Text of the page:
• Important Executive Director Announcement from the NAWCC

    The NAWCC Board of Directors is pleased to announce that Mr. Rory McEvoy has been named Executive Director of the NAWCC. Rory is an internationally renowned horological scholar and comes to the NAWCC with strong credentials that solidly align with our education, fundraising, and membership growth objectives. He has a postgraduate degree in the conservation and restoration of antique clocks from West Dean College, and throughout his career, he has had the opportunity to handle some of the world’s most important horological artifacts, including longitude timekeepers by Harrison, Kendall, and Mudge.

    Rory formerly worked as Curator of Horology at the Royal Observatory, Greenwich, where his role included day-to-day management of research and digitization projects, writing, public speaking, conservation, convening conferences, exhibition work, and development of acquisition/disposal and collection care policies. In addition, he has worked as a horological specialist at Bonhams in London, where he cataloged and handled many rare timepieces and built important relationships with collectors, buyers, and sellers. Most recently, Rory has used his talents to share his love of horology at the university level by teaching horological theory, history, and the practical repair and making of clocks and watches at Birmingham City University.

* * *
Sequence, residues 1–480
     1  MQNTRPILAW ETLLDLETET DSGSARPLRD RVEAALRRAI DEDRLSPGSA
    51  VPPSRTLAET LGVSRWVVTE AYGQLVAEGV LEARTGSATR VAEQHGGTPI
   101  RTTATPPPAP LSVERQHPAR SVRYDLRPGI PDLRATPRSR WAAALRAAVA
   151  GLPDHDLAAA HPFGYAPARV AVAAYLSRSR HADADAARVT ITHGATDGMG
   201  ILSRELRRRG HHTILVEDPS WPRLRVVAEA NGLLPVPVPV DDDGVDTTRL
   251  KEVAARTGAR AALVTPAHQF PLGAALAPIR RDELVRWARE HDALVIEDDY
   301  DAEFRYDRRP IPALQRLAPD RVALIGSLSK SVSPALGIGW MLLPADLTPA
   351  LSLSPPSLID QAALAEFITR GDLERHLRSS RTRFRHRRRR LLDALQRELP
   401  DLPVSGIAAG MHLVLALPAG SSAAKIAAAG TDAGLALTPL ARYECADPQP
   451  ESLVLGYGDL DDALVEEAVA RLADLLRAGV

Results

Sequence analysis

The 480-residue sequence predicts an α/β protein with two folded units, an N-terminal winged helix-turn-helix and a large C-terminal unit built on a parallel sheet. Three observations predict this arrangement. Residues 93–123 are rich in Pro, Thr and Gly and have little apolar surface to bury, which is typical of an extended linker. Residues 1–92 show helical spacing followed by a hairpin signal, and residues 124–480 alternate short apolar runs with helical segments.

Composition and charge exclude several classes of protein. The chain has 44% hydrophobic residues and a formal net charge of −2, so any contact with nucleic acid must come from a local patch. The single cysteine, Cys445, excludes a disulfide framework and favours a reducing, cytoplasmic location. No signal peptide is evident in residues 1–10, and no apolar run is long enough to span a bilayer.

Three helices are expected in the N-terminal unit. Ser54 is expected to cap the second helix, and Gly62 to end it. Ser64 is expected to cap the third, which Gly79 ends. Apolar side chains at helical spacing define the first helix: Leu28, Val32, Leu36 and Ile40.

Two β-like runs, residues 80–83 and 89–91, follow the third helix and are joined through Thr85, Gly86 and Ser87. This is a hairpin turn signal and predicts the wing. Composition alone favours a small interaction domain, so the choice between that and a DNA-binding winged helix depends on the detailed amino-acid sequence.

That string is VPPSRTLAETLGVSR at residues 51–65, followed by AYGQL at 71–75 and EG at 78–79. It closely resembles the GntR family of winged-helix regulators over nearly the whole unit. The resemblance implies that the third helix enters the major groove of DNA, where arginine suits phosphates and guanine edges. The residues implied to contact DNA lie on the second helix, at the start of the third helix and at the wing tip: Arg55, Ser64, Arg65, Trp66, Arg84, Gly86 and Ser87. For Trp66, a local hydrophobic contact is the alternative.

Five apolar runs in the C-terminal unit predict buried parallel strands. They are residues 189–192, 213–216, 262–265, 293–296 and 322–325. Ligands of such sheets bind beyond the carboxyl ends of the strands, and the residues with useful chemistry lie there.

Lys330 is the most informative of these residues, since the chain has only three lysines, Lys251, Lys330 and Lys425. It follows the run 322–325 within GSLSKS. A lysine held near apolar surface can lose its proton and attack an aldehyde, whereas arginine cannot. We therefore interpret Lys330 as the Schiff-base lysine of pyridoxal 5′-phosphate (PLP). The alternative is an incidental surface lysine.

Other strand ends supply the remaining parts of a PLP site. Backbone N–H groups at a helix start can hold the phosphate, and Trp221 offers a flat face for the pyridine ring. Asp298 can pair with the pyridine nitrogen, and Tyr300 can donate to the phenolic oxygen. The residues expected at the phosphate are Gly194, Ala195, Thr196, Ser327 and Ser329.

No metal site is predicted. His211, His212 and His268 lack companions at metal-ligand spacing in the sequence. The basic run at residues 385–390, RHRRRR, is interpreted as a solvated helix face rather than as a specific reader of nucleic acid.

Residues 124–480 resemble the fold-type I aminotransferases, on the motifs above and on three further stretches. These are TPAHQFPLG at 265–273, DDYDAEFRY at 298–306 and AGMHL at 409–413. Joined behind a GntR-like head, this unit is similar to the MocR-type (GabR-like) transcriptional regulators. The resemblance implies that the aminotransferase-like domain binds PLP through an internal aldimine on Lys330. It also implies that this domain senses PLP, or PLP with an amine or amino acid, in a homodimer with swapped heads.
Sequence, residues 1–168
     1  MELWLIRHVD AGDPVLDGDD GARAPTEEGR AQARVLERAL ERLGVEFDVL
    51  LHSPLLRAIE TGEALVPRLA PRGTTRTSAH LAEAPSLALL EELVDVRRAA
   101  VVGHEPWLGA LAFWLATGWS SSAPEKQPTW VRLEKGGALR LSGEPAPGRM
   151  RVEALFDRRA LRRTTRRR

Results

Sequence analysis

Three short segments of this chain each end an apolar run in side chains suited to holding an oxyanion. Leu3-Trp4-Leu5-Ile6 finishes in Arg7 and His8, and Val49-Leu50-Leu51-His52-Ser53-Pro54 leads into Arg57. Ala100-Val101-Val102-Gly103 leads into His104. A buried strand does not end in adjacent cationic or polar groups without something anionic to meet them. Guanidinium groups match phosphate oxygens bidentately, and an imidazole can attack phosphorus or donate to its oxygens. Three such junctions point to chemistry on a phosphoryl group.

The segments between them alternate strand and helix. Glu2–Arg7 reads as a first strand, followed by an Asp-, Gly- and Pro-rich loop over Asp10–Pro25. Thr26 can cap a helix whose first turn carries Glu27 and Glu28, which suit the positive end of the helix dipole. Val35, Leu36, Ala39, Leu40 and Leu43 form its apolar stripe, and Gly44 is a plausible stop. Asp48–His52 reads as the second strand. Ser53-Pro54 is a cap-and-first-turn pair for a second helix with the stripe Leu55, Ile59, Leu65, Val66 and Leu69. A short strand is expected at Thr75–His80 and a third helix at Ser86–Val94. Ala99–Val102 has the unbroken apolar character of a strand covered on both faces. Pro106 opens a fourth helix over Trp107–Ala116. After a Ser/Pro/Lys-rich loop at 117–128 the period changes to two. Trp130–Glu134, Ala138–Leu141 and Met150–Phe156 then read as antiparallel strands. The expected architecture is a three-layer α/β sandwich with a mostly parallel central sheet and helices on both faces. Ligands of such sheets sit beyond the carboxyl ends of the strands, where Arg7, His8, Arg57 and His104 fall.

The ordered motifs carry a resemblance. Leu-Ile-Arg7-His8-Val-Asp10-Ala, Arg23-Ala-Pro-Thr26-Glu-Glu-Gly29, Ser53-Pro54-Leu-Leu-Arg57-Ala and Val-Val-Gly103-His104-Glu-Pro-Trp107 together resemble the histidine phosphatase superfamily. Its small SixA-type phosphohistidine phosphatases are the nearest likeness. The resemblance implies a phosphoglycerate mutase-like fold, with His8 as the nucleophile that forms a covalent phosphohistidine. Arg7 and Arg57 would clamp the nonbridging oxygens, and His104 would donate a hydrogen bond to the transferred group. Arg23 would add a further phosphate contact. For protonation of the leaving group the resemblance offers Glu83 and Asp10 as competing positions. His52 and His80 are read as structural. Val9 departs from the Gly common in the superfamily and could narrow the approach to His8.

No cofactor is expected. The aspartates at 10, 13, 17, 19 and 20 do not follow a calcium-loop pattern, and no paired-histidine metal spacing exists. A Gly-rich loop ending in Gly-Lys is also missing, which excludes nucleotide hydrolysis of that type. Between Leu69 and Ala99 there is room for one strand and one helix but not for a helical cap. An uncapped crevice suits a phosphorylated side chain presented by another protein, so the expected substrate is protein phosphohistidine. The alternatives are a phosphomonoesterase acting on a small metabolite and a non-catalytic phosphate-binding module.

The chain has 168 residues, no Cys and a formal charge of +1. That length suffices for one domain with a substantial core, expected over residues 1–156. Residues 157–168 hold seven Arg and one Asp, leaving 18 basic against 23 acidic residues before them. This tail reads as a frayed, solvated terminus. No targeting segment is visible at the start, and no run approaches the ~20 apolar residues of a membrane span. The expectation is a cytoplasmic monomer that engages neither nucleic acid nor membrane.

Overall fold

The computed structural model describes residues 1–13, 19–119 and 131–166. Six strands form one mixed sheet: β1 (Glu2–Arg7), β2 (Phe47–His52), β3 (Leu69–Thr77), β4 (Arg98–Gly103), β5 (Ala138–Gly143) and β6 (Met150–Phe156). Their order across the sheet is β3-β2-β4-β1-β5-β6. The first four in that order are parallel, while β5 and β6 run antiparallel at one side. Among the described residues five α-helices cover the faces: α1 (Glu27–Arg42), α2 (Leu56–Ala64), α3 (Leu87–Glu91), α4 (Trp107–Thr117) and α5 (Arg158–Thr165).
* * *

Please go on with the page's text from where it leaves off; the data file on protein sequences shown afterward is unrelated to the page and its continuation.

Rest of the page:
Rory is a British citizen and currently resides in the UK. Pre-COVID-19, Rory and his wife, Kaai, visited HQ in Columbia, Pennsylvania, where they met with staff, spent time in the Museum and Library & Research Center, and toured the area. Rory and Kaai will be relocating to the area as soon as the immigration challenges and travel restrictions due to COVID-19 permit.

    Some of you may already be familiar with Rory as he is also a well-known author and lecturer. His recent publications include the book Harrison Decoded: Towards a Perfect Pendulum Clock, which he edited with Jonathan Betts, and the article “George Graham and the Orrery” in the journal Nuncius.

    Until Rory’s relocation to the United States is complete, he will be working closely with an on-boarding team assembled by the NAWCC Board of Directors to introduce him to the opportunities and challenges before us and to ensure a smooth transition. Rory will be participating in strategic and financial planning immediately, which will allow him to hit the ground running when he arrives in Columbia

    You can read more about Rory McEvoy and this exciting announcement in the upcoming March/April issue of the Watch & Clock Bulletin.

    Please join the entire Board and staff in welcoming Rory to the NAWCC community.

Wondering about the maker of this clock - German I suspect VO on the dial